A Maine(ly) Chilly Start

I knew the water in the Atlantic would be chilly in mid-April, but I had to walk in anyway. The veins on the tops of my feet popped out as I entered and officially began my second crossing of America on foot. I touched the ocean at 6:30 PM April 11th.

Just getting to that point was a bit of an adventure. I took three trains from St. Louis (the first of which was delayed seven hours). I barely made my connection in Chicago, but arrived in Boston 24 hours later. From Back Bay station, I walked an uncomfortable two miles with Forest (my trusty backpack), two over-loaded duffel bags, and an umbrella to Boston North train station, where I boarded my final train to Portland.

I arrived in Portland at 2 AM. After three hours at Dennys (the only open restaurant) I picked up PJ from a UPS store. As it turns out, PJ’s shipping cost was 50 dollars more than my train ticket(s)!

PJ survived! It may have looked like a used camping gear yard sale, but I got everything in order.

From UPS we walked a chilly 10 miles (chilly will be a consistent theme during the first few weeks of my walk) south to Zephyr Cove.

Joan the crossing guard thought I was pushing a baby, so she stopped traffic. She laughed when I told her I was actually pushing soon to be smelly camping gear.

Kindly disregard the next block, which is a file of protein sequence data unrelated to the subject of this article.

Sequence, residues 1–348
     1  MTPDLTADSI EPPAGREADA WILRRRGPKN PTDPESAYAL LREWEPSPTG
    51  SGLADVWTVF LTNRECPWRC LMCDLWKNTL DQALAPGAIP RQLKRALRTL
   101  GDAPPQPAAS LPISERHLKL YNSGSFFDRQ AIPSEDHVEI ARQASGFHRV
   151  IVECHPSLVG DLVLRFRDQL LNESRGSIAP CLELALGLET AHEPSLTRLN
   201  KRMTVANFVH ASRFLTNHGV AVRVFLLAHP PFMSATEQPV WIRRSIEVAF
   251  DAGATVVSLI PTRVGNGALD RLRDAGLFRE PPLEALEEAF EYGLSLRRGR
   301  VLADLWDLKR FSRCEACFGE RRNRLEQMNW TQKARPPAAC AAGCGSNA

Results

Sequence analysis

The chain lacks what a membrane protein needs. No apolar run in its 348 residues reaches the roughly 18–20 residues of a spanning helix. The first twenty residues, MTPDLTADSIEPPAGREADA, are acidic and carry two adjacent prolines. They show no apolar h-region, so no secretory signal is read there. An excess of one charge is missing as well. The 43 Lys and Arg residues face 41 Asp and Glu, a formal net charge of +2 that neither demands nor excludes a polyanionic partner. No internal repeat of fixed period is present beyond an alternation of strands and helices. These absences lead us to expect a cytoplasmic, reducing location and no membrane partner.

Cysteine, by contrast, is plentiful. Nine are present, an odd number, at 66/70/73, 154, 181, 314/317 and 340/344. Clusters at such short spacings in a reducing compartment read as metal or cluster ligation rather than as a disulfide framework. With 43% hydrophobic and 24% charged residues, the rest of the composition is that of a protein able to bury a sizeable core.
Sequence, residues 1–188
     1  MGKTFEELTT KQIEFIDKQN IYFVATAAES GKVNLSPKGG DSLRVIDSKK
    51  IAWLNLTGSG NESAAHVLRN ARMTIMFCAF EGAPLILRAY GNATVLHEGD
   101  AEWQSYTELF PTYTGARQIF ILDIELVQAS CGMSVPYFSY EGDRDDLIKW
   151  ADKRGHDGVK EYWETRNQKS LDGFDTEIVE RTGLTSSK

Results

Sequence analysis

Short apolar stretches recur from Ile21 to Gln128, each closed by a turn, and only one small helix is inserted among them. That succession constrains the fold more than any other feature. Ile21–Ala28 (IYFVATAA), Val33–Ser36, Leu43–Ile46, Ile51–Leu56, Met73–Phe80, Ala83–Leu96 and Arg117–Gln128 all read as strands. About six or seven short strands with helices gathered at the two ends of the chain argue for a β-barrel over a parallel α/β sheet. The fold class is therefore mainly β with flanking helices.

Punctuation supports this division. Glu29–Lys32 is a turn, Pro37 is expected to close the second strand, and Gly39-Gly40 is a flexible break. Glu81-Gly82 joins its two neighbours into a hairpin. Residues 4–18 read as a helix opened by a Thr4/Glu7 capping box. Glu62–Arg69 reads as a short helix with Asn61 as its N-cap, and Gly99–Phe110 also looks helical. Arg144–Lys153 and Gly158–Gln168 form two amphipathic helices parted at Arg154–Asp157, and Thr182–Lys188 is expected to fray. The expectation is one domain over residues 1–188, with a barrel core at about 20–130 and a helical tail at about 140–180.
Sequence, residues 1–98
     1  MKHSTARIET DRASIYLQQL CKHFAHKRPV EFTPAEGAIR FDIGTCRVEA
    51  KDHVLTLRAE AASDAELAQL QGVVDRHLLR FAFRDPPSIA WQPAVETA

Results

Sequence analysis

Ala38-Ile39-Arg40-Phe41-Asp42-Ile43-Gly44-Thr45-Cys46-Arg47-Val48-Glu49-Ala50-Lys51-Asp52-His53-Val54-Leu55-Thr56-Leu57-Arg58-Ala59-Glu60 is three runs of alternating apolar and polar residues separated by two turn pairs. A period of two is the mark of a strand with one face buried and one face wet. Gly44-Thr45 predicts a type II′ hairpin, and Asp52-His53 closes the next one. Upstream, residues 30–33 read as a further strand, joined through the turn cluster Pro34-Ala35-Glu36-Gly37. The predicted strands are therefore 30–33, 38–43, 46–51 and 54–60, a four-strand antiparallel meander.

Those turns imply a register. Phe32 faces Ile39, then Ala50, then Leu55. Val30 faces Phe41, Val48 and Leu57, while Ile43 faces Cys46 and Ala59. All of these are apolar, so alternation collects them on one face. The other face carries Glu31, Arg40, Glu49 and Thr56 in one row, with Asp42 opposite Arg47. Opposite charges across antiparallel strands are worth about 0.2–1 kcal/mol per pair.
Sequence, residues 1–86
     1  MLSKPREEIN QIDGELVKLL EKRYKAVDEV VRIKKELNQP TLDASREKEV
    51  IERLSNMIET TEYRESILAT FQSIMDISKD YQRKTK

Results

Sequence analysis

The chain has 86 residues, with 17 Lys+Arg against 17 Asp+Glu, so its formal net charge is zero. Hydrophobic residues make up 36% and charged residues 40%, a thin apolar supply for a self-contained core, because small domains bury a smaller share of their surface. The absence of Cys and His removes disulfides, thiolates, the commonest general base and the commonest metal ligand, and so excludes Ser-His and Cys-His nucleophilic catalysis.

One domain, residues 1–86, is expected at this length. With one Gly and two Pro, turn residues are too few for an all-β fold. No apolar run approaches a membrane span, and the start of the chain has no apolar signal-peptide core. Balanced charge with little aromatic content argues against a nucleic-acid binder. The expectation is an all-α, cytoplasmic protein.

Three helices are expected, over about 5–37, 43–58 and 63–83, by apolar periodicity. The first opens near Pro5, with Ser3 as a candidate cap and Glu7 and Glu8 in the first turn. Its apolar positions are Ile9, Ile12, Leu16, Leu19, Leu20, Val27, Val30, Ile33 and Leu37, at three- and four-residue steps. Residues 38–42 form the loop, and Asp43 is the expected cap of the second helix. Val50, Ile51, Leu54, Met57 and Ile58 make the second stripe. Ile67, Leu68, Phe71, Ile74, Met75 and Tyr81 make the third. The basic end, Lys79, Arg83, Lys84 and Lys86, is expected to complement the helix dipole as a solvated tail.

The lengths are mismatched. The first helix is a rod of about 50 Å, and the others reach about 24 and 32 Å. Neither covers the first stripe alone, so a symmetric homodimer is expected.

I started walking west early on Thursday, April 12th. I walked 15, 24, 23, and three miles, respectively, during my first four days on the road. I crossed my first state line and entered New Hampshire on day three.

Spring hasn’t quite sprung in Northern New England. Crocus, iris, and tulips just started sprouting in Portland, but colder temperatures and higher elevations inland have the region stuck in winter. Many hillsides are still covered in snow and lakes remain frozen.

I managed to dodge wet weather until I neared the White Mountains. Sleet and freezing rain pelted my tent as I camped next to a little lake three miles south of Conway. After packing up in 20 degree temps the following morning, I walked the last three miles into Conway as it snowed lightly. Fortunately Sunday morning traffic was minimal.

My body and mind will take time to adjust to the walking life again, but every morning I’m filled with optimism and gratitude for the upcoming journey! Temperatures may be cold, but I’ve been given an incredibly warm reception by the folks, and courteous drivers, of Maine and New Hampshire.

Bonnie of Freedom, NH, hollered at me as I walked through town, sending me on my way with two bananas, five granola bars, and her phone number in case I needed help.

I met Lois, an 87 year-old firecracker near Gorham, ME. Four times per week, she walks a segment of the highway picking up cans. It keeps her healthy, physically and mentally. She was scowering the hillside and climbing guardrails to get cans. I hope I’m as active as her at 87!

I am staying at a hostel in Conway, New Hampshire for two nights to warm up and, perhaps more importantly, to shower and do laundry.